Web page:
The novel is about a woman disturbed by violent images who decides to stop eating meat. Among her South Korean family, this decision is considered socially unacceptable. Her relationships begin to fall apart as she is accused of everything from dangerous subversion to mental illness.

This is the first book translated by Deborah Smith who began teaching herself Korean in 2010 when she noticed a lack of Korean literature in the English market. 

The other books on the shortlist were:

Four books General theory of oblivion Story of the lost child

The Four Books by Yan Lianke, translated from the Chinese by Carlos Rojas
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A General Theory of Oblivion by José Eduardo Agualusa, translated from the Portuguese by Daniel Hahn

The Story of the Lost Child by Elena Ferrante, translated from the Italian by Ann Goldstein
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Strangeness in my own mind Whole life

A Strangeness in My Mind by Orhan Pamuk, translated from the Turkish by Ekin Oklap
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A Whole Life by Robert Seethaler, translated from the German by Charlotte Collins

Kang and Smith will split £50,000. The authors and translators of the other novels on the shortlist each receive £1,000.  

Related Post:

What to Read While Waiting for the Next Game of Thrones Book

April 29, 2016 | Kelli | Comments (0)

Game of Thrones is back (finally!) with its sixth season on HBO Canada. Until this season, fans who had read the books of the Song of Ice and Fire series by George R.R. Martin had the advantage of knowing what was going to happen in the television show. This is the first season to take the story beyond the published books. Fans of the books and the show are curious (and perhaps somewhat anxious) to see where the story leads. 

George R.R. Martin is expected to write at least two more books in the series.  The next book, The Winds of Winter, was expected in the spring of 2016, but it has been postponed and a new publication date for the book has not been announced as yet.  

Here are some series to keep you busy while George R.R. Martin writes and writes and writes....

Black prism Iron king Name of the Wind Prince of thorns Queen of the tearling

Black Prism by Brent Weeks. Gavin Guile is facing his final years as high priest and emperor. Seeking to rectify the lingering wrongs from the war against his twin, he is forced to acknowledge a bastard son, face down a corrupt governor, and stop a challenge to the state religion. The Lightbringer series also includes The Blinding Knife and The Broken Eye.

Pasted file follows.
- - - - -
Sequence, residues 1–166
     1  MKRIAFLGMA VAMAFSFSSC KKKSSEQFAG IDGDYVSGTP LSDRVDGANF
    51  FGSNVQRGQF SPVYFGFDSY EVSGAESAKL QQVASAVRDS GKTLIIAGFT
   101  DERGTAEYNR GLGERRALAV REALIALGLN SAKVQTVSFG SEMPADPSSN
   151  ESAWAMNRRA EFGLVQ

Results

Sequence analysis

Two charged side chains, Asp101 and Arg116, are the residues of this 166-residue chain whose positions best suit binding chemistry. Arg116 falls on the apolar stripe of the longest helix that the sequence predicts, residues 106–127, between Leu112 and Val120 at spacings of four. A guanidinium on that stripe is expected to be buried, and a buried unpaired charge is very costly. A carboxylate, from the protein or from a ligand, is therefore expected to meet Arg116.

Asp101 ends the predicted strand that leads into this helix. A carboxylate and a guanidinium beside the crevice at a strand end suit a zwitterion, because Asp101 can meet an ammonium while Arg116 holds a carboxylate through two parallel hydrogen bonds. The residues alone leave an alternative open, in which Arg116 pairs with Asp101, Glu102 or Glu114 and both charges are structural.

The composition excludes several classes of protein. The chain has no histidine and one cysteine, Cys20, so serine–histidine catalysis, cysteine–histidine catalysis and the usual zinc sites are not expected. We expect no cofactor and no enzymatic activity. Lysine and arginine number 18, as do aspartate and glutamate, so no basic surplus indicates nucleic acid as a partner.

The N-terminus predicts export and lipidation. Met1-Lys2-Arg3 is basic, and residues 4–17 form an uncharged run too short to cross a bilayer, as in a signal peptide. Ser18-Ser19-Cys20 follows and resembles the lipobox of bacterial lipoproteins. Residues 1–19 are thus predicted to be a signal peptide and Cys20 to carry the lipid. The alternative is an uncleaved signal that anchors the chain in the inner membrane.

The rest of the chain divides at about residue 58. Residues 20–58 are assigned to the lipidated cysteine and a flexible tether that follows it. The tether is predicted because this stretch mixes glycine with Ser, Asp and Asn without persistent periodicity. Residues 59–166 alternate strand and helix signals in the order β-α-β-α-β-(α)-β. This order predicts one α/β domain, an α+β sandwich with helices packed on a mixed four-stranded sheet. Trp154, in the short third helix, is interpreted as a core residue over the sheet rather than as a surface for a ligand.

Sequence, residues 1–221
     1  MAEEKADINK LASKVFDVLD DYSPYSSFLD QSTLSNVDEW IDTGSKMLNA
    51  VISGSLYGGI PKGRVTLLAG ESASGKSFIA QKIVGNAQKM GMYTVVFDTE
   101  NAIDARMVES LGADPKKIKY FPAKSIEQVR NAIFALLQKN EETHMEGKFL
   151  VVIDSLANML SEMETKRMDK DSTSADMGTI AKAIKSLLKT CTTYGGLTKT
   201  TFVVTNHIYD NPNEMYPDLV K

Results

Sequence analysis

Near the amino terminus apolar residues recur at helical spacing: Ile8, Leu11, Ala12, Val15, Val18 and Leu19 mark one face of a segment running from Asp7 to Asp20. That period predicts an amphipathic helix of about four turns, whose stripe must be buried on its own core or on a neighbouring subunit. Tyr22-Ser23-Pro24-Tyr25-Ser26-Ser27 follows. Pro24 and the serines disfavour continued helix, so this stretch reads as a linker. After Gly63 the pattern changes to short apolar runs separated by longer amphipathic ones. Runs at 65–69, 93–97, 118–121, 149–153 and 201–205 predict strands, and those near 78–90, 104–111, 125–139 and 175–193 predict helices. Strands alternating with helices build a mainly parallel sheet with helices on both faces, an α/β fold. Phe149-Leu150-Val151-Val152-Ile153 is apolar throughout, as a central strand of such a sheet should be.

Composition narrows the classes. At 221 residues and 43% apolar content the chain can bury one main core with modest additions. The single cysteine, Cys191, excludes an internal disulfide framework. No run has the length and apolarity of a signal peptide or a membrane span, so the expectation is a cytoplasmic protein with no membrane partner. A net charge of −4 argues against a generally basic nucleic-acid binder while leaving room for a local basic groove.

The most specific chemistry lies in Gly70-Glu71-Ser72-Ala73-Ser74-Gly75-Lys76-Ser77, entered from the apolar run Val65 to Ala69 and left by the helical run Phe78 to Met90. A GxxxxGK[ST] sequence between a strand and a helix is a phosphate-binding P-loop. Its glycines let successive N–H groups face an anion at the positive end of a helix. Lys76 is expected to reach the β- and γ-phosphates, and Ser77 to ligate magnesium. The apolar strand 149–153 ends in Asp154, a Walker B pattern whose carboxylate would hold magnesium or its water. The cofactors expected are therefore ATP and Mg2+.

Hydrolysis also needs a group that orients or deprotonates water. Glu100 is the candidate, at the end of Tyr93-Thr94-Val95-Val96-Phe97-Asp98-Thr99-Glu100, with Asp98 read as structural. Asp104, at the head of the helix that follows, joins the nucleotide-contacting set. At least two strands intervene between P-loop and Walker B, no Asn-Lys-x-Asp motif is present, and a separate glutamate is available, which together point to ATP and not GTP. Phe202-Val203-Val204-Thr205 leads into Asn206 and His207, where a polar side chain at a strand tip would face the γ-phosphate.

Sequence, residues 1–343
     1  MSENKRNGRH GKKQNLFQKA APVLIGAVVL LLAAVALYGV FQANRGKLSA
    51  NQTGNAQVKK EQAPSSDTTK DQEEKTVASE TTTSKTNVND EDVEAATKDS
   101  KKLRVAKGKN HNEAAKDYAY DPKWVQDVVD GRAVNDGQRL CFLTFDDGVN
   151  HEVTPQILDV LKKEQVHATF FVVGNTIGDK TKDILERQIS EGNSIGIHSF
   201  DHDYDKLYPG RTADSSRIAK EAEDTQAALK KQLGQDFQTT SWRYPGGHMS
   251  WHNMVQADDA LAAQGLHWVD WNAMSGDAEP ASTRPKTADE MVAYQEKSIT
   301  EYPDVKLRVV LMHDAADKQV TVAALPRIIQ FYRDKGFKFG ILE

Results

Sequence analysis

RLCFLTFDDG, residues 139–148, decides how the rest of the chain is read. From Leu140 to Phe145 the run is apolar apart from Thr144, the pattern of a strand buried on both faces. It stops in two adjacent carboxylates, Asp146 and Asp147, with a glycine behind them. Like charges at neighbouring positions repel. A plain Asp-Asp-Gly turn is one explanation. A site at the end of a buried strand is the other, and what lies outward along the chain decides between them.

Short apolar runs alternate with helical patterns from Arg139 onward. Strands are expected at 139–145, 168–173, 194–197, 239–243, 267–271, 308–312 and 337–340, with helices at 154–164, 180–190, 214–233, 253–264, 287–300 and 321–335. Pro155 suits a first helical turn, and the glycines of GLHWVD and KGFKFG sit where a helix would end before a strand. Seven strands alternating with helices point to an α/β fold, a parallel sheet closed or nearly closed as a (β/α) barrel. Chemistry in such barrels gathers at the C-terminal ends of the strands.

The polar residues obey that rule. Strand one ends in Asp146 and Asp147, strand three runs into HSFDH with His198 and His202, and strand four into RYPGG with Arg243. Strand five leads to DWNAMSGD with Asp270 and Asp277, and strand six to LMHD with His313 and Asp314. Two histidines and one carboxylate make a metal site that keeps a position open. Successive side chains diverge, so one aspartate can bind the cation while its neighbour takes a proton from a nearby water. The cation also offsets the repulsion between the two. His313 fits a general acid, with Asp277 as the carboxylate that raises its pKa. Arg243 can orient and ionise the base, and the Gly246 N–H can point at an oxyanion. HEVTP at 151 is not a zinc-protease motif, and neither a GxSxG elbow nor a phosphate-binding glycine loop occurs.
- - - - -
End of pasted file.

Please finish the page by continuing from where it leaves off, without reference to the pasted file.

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Iron King by Maurice Druon. George R.R. Martin has called this series the original Game of Thrones. Beginning in 1314, the French king, Philip the Fair, rules France with an iron fist. Philip's persecution of the Knights Templar causes the Grand Master, as he dies, to unleash a terrible curse on Philip that sets the stage for all the events that follow. The Accursed Kings series is based on history and is full of political intrigue, family drama and characters who would do credit to the Lannister, Frey and Bolton houses. The Accursed Kings series continues with The Strangled Queen, The Poisoned Crown, The Royal Succession, The She-Wolf, The Lily and the Lion and The King with Kingdom.
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Name of the Wind by Patrick Rothfuss. These are the stories of Kvothe, a presumed dead hero and villain, as told to the Chronicler. From his upbringing as an actor in his family's traveling troupe, through his education at "the University," Kvothe tells of his drive to learn the higher magic of naming and to discover as much as possible about the Chandrian, the demons of legend who murdered his family. The Kingkiller Chronicles also includes The Wise Man's Fear and The Slow Regard of Silent Things.
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Prince of Thorns by Mark Lawrence. When he was nine, Prince Honorous Jorg Ancrath was forced to watch his mother and brother being killed in front of him. Now leader of a band of bloodthirsty thugs, it is time for him to return to his father's castle, claim his inheritance and get his revenge. Yet, at the castle, treachery and dark magic await him. The Broken Empire series also includes King of Thorns and Emperor of Thorns.